We develop chemical and biological tools for research in a wide range of fields. Some of them are briefly described below; please see our group web page for more details.
Chemistry, biology, immunology, and evolution with viruses. The sizes and properties of virus particles put them at the interface between the worlds of chemistry and biology. We use techniques from both fields to tailor these particles for applications to cell targeting, diagnostics, vaccine development, catalysis, and materials self-assembly. This work involves combinations of small-molecule and polymer synthesis, bioconjugation, molecular biology, protein design, protein evolution, bioanalytical chemistry, enzymology, physiology, and immunology. It is an exciting training ground for modern molecular scientists and engineers.
Development of reactions for organic synthesis, chemical biology, and materials science. Molecular function is what matters most to our scientific lives, and good chemical reactions provide the means to achieve such function. We continue our efforts to develop and optimize reactions that meet the click chemistry standard for power and generality. Our current focus is on highly reliable reversible reactions, which open up new possibilities for polymer synthesis and modification, as well as for the controlled delivery of therapeutic and diagnostic agents to biological targets.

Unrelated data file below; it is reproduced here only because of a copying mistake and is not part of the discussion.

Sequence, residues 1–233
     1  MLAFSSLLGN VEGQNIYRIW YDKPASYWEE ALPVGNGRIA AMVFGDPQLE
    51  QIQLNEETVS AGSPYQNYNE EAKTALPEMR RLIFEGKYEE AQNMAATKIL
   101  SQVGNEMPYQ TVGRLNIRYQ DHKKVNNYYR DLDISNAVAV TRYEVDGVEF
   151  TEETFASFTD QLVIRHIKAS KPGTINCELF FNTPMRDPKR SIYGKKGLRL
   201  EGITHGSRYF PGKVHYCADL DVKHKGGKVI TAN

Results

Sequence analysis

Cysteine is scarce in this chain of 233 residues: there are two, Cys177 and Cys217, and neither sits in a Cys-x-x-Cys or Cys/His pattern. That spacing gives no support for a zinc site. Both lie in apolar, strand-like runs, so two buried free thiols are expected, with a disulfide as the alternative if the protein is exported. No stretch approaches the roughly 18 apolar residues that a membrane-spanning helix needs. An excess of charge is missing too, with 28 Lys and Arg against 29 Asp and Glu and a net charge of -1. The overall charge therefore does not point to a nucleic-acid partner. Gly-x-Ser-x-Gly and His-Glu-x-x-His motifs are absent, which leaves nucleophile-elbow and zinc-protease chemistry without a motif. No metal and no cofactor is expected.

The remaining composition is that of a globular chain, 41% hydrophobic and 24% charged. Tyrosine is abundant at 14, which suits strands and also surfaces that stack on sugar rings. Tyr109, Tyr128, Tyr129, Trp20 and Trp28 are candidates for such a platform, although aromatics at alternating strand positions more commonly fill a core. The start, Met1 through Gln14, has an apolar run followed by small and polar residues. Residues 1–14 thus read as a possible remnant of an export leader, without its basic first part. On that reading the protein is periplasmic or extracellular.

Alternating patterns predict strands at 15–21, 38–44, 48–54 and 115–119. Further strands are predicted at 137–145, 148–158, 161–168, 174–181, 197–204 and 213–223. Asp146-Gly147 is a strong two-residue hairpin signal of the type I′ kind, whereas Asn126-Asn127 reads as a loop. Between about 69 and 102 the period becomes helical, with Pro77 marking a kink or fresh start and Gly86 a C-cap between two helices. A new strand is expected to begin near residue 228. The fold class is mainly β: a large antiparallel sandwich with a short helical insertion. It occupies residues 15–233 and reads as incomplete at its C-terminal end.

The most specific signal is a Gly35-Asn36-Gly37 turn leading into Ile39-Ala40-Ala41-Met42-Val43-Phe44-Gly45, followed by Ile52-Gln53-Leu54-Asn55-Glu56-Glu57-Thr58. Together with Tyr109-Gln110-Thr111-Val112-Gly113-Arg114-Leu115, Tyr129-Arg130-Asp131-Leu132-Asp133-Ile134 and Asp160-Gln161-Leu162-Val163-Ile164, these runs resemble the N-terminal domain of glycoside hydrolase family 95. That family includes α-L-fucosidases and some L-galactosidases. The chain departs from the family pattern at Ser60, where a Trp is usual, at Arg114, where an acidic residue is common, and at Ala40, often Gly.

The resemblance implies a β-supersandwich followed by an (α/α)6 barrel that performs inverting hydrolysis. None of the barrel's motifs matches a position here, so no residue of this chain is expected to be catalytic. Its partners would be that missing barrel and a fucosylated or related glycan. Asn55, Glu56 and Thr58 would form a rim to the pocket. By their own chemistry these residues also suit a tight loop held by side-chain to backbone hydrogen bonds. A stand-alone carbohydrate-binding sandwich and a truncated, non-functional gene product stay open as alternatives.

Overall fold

Traditional and combinatorial synthesis of biologically active compounds. We have a longstanding interest in the development of biologically active small molecules. We work closely with industrial and academic collaborators on such targets as antiviral agents, compounds to combat tobacco addiction, and treatments for inflammatory disease.